Sounds like a useful camera.
KL Matt: I wonder if there is a product safety issue here (risk of fire or battery explosion). Otherwise why this wording(emphasis mine): "*should* call ... even if the product appears to be functioning properly...."
Most likely explanation is the defect (faulty capcitor etc.) is sure to go sooner or later, so they want these sent in before the user experiences the defect in the field.
Horshack: Given the choice I'd prefer a camera that doesn't turn off vs one that doesn't turn on :)
Definitely better than one that trips the shutter in continuous mode and won't shut off until the battery is removed. Thank goodness that never happened to a Pentax camera!
Yeah there was also a grammar error in this press release, it may just be the intended message got a little lost in translation. Perhaps the intent was to appear very accomodating, not a technical recommendation to send in a camera that is working perfectly fine. Would be good to have a more clearly worded statement from the company in any case.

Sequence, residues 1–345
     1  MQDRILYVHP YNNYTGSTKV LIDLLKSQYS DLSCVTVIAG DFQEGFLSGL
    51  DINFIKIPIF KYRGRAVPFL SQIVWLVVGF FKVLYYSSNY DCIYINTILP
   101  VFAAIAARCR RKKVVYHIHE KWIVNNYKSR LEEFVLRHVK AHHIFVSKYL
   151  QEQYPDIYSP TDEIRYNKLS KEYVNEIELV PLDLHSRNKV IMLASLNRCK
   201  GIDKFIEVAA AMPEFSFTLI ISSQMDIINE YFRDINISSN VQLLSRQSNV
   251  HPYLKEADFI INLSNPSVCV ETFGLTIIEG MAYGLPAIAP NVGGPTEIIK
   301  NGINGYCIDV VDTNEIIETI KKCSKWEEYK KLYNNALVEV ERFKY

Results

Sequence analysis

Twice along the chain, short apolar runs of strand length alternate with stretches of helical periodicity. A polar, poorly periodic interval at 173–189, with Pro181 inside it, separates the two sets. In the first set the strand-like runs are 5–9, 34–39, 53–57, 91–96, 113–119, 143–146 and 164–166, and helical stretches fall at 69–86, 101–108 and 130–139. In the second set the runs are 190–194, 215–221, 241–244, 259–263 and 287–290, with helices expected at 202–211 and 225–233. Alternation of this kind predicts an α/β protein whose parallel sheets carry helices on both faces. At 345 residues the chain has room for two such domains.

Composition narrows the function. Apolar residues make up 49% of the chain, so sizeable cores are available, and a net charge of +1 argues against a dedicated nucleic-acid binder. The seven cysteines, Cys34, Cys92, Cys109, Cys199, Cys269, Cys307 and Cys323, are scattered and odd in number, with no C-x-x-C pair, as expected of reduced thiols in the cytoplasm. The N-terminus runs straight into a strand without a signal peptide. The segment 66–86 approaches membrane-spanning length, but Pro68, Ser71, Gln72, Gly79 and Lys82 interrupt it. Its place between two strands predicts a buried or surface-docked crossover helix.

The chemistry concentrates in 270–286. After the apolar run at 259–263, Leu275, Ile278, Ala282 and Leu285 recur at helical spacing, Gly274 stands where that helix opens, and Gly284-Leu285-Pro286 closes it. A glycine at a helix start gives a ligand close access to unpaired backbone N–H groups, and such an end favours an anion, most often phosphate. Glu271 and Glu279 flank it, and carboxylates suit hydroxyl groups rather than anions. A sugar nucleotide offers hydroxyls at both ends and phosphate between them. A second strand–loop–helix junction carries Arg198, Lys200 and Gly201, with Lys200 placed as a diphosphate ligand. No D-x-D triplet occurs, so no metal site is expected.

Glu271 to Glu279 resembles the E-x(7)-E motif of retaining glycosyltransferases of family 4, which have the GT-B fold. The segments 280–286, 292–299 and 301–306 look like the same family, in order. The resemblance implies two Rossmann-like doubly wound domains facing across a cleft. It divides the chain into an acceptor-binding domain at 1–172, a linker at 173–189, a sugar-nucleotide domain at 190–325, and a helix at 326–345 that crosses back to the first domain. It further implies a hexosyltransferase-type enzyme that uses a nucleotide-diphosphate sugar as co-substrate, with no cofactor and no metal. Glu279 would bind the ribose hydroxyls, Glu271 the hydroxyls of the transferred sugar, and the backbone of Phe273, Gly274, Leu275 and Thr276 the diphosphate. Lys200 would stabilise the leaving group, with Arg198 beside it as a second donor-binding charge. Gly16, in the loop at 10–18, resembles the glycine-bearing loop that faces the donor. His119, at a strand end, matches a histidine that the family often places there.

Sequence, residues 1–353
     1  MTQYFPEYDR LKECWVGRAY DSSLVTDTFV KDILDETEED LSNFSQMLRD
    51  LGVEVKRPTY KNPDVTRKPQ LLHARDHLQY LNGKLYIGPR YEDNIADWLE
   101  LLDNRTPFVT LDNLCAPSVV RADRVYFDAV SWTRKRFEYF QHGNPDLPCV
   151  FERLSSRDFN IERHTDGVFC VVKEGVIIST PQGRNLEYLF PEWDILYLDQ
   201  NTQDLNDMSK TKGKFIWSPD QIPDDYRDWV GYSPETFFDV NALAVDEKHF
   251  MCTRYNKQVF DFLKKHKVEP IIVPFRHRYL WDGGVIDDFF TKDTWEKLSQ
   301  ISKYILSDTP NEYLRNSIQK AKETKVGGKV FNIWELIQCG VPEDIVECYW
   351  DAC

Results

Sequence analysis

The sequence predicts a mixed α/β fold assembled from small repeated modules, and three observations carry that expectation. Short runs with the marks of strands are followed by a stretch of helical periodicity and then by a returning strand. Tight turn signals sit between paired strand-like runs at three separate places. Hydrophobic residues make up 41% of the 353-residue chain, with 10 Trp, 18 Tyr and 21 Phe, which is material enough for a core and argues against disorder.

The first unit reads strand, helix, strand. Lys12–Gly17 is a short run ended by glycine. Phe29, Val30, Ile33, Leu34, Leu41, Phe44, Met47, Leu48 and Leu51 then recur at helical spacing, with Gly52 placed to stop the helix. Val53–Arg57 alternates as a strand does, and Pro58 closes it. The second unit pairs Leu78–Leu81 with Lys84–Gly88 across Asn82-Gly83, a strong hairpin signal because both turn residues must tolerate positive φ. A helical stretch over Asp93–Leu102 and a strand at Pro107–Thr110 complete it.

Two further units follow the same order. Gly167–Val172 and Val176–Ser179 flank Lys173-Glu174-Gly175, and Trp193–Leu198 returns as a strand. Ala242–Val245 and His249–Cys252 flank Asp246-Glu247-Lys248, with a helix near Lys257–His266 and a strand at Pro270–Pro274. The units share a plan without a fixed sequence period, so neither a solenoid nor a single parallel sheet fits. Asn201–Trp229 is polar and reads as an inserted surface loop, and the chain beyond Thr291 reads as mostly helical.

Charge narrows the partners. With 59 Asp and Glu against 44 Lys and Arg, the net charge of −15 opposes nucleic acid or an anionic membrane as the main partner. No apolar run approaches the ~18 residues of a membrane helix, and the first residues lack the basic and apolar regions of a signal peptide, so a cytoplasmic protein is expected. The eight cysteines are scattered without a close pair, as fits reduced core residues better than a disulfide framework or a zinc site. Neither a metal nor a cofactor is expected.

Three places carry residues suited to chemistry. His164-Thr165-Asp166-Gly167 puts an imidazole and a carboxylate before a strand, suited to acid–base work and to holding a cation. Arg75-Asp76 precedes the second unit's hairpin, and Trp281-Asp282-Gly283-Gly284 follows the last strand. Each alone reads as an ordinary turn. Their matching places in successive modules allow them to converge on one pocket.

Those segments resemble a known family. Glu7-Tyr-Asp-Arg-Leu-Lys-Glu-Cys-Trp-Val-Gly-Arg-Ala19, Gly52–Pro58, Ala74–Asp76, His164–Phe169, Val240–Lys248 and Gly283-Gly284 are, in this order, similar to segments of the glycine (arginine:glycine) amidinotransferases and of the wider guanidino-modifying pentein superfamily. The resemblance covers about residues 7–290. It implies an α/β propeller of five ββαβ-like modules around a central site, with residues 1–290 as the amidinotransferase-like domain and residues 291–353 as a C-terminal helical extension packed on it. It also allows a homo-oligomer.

I wonder if there is a product safety issue here (risk of fire or battery explosion). Otherwise why this wording(emphasis mine): "*should* call ... even if the product appears to be functioning properly...."
Stephan Def: I am trying to understand what the compelling argument for Fujifilm is, scratching my head. Megapixels matter, if its just only for the cropping capability alone. 16MP seems not to be cutting edge stuff anymore, except if they are on smartphone camera.
I used to think what matters is what the image looks like that comes out of the Camera. Strangely for me, so many here are going on about if the Camera itself is nice looking or not. And so on.